After an enthralling 2012 the Chilean Primera División was set to kick-off on Friday evening, only for disorganisation, the nasty habit of South American football, to throw the league into disarray for 24 hours.
SIFUP – the players’ union led by Carlos Soto – emerged on Monday and demand the postponement of the first week’s round of fixtures. The reason was two-fold: SIFUP were unhappy with the debts accrued by a number of clubs with players still due money and with the reduction in substitutes allowed from seven to five.
A meeting with Carlos Jadue, president of the ANFP, on Tuesday saw the two associations reach an agreement with debts set to be paid to players, and the number of substitutes remaining at seven.
Yet, that has only been the icing on the cake in terms of disorganisation in the close season with uncertainty as to how the structure of the league will look come June. Between January and May there is a Torneo Transición. But as of yet, due to disagreements between the ANFP (Chilean football federation) and broadcasters, there is no clue as to what the ‘Transición’ season will transition into.
There has been talk about ridding the league of the play-offs, which create intense excitement, for a more straightforward, European structure. The ANFP have also spoke of their desire to see the top division reduced to 16 teams, rather than the 18 it is now.
As for the Torneo Transición it is simple: there is one round of games and the team that finishes top wins the Championship and qualifies for the following year’s Copa Libertadores. Potentially two teams could drop into Primera B.
The continued confusion as to how the league will look in six months should not take away from what should be another exciting, enthralling and manic year in Chile. Three new teams give the league a refreshing look; the trio of Santiago giants are desperate to bounce back after faltering towards the end of 2012; an abundance of young, velvet-footed youngsters are waiting to break through, and what for Huachipato and Unión Española who saw some of their most impressive performers depart after competing the final of the Clausura play-offs.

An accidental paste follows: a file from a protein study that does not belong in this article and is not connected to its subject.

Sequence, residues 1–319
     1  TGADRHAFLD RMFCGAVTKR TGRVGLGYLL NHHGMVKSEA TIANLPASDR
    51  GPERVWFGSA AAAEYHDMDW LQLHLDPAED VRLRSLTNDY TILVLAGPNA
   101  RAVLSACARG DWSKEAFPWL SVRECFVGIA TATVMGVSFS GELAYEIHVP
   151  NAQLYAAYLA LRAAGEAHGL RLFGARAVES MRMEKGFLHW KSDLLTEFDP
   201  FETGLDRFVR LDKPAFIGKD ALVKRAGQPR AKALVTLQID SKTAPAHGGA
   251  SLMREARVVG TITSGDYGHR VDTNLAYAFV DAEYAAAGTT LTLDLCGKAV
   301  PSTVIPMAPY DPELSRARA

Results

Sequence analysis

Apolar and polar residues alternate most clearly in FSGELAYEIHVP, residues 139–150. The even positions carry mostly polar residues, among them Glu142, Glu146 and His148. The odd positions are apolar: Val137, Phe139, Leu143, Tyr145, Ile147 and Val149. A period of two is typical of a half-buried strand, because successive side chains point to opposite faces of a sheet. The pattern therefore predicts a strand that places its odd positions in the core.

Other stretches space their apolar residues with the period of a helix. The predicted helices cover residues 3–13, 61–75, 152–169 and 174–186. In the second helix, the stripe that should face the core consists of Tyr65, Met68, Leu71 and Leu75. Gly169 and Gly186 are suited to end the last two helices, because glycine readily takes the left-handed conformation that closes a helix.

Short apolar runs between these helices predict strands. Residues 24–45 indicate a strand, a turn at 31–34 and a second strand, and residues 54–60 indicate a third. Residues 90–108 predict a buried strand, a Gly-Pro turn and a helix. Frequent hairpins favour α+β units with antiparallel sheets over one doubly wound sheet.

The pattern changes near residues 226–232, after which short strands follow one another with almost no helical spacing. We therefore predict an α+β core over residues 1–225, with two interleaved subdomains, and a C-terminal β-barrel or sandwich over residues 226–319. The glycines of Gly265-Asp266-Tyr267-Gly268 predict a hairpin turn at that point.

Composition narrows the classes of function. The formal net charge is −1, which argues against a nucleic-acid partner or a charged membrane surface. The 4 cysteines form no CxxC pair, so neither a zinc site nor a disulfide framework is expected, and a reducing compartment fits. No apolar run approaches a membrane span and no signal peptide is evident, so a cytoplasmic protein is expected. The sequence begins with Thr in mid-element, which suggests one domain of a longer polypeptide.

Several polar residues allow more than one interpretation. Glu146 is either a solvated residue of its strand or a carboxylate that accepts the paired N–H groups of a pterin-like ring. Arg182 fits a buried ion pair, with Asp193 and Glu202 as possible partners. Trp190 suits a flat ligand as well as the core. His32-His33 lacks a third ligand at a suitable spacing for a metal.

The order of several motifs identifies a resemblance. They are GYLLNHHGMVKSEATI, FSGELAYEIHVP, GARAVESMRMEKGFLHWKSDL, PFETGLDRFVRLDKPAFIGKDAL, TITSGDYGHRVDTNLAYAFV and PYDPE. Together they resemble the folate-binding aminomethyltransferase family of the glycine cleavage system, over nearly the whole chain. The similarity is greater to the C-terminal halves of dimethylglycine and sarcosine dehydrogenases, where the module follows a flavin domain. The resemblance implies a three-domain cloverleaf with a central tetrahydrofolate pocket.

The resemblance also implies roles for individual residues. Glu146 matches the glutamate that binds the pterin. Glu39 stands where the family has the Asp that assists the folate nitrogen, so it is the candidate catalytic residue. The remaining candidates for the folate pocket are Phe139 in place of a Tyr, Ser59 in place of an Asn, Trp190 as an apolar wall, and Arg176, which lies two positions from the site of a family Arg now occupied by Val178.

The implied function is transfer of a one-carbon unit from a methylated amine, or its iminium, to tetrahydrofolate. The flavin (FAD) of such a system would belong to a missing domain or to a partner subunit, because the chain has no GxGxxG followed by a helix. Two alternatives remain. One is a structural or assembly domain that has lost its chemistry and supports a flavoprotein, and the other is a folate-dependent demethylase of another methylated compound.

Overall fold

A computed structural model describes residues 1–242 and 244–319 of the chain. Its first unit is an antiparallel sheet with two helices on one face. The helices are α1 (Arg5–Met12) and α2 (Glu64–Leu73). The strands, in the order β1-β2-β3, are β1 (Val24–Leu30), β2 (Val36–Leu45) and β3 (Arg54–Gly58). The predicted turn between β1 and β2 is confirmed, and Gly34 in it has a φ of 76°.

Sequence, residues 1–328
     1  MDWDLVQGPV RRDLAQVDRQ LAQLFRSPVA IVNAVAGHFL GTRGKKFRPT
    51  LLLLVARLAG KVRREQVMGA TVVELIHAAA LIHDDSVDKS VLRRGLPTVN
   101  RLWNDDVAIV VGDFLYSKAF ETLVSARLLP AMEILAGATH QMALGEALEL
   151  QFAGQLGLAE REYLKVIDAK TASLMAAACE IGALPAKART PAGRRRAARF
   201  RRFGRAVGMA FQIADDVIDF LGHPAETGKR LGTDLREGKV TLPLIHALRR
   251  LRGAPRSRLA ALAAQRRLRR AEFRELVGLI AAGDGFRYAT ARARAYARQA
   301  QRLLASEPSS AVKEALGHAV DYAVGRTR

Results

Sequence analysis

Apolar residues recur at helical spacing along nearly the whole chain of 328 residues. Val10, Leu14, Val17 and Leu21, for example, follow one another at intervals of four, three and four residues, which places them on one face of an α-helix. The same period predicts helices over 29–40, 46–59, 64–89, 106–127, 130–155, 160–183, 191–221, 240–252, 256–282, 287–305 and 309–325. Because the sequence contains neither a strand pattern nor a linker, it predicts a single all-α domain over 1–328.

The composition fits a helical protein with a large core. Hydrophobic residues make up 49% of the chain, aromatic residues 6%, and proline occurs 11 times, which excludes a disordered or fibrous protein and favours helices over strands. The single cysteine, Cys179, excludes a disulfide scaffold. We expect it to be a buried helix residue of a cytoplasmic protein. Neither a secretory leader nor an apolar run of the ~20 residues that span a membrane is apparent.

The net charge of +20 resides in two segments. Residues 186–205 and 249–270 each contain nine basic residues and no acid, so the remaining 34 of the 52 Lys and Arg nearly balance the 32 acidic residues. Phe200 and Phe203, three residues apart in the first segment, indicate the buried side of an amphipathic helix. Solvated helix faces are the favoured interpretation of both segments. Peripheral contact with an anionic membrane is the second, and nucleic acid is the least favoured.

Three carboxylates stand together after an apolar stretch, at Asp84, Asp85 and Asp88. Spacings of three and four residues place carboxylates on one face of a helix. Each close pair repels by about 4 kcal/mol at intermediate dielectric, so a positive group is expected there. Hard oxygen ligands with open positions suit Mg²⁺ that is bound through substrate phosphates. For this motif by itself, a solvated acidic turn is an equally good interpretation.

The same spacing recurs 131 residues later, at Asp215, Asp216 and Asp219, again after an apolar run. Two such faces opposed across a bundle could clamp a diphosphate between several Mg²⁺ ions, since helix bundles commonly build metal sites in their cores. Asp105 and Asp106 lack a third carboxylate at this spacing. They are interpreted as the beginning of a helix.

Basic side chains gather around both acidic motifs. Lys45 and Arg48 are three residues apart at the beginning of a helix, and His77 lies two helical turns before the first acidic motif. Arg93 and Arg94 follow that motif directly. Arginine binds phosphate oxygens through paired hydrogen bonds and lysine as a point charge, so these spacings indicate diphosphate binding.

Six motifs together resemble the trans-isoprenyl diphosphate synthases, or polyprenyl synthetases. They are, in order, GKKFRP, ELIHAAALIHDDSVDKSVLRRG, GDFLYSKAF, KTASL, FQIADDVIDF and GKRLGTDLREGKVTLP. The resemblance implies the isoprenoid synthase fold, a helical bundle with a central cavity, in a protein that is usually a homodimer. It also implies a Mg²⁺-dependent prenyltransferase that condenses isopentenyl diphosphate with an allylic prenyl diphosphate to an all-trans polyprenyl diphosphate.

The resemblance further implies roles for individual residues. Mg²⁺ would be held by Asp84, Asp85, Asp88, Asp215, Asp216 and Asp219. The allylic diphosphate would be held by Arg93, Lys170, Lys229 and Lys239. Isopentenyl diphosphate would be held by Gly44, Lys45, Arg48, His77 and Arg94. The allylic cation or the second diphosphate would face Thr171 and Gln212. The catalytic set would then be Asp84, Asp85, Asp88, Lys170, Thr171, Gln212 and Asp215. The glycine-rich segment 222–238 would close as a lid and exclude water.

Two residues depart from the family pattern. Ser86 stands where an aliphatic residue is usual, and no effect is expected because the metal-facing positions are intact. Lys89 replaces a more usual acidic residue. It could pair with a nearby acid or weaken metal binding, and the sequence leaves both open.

At one point in the last six months of 2012 all three of Colo Colo, Universidad Católica and Universidad de Chile appeared to be on the cusp of achieving what they had set out to achieve and more, but in the end all were left disappointed as Huachipato and Unión Española came through the play-offs to contest a surprise final with Huachipato becoming the first team outside of Santiago to win the title since 2008.
The most noteworthy change is at Universidad de Chile where La U are no longer under the management of Jorge Sampaoli who is now manager of the Chilean national side. Fellow Argentine Darío Franco is the new incumbent and has already made moves to integrate his own footballing philosophy into the side; a more measured possession based approach compared to the high-tempo, swashbuckling style fans have become accustomed to. However, there is still the promise of attacking and entertaining football with Franco planning to stick with a front three but varying between a back three and back four.
La U president Josef Yurasczeck announced that the appointment “is the continuation of a process” as they try and stick with an attacking identity. Expectations are no different to those under Sampaoli with three trophies to play for in six months – Primera, Copa Chile and the Copa Libertadores. No important player of the Clausura has left, instead La U have rewarded players from ‘lesser’ clubs with a move to the capital, most notably O’Higgins’ creative ‘enganche’ Ramon Fernandez and Huachipato’s César Cortés, one of the players of the Clausura season.
Both Colo Colo and Universidad Católica have stuck with the managers that led them through the Clausura, despite rumours – some weak, some strong – that both could move on.